We hope this feature will help summarize the quality of your videos as well as identify issues, if any. Here's another feature that I am excited to tell you about. You can now specify the time windows from your reference and test videos to be evaluated. This enables focusing on a specific scene or multiple scenes in your video. It also allows for comparing videos that are not temporally aligned. We added four new command-line arguments to help you accurately specify the beginning and end of the video sections you are interested in analyzing.
Let me show you an example of how to use the time window feature.
Here's the video I evaluated in the previous demo. This time, I am interested in evaluating a single scene of the video. Here's how I can accomplish this. In Quicktime Player, I will start by seeking to that scene. It's this one. Clicking here shows the frame index. I will use the arrow keys to get to the first frame in the scene. It's 270. I will repeat the same steps to find the last frame in the scene. It's frame 486. Now, let's evaluate this scene in AVQT. The first part of the command is the same as before. I will then add the start and end frame indices I got from QuickTime Player using these four newly-added command line arguments.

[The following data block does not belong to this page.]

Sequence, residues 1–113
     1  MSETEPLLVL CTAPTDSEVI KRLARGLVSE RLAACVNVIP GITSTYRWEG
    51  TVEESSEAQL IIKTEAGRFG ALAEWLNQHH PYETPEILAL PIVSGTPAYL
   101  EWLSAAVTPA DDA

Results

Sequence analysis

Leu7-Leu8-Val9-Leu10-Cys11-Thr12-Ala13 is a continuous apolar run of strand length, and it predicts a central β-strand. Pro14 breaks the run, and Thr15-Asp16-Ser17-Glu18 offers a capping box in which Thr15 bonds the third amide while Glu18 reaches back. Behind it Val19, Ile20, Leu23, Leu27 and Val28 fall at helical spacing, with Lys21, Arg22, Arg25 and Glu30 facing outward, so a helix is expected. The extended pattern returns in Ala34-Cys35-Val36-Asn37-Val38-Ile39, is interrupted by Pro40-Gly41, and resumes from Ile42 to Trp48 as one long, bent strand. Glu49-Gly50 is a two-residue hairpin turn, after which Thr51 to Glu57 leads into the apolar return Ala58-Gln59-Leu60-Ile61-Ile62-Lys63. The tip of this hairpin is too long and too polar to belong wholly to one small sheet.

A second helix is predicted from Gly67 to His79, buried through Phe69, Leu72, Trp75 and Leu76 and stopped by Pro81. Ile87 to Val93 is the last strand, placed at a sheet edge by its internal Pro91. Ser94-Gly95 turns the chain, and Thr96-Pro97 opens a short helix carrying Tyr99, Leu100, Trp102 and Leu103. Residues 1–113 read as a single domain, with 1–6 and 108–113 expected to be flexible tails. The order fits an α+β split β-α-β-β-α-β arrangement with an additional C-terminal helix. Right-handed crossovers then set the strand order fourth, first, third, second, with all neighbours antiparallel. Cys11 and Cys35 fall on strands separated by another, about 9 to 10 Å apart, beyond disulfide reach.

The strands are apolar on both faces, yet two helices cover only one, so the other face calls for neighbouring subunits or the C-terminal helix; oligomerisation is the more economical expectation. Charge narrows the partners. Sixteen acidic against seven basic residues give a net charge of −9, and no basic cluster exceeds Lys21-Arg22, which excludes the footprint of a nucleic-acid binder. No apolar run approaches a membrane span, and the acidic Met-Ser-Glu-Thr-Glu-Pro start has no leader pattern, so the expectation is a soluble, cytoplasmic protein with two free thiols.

I now have the AVQT score for this scene.
Running this command is faster than processing the whole video and then only looking at the scores of that scene. We believe this adds to the flexibility of AVQT. Speaking of flexibility, we also extended the support of raw YUV formats in this version. AVQT supports all AVFoundation video formats. Besides that, it also supports raw YUV videos. This enables scoring videos that were never compressed, such as a raw camera feed. It's also useful when evaluating videos that are compressed and decoded outside the ecosystem. This year, we extended the support for raw YUV to include a total of 20 formats with a wide range of chroma sub-samplings and bit depths. It's worth noting that `reference-fourcc` and `test-fourcc` flags are now deprecated. We replaced them with two separate sets of flags, one for chroma-subsampling and another for bit-depth.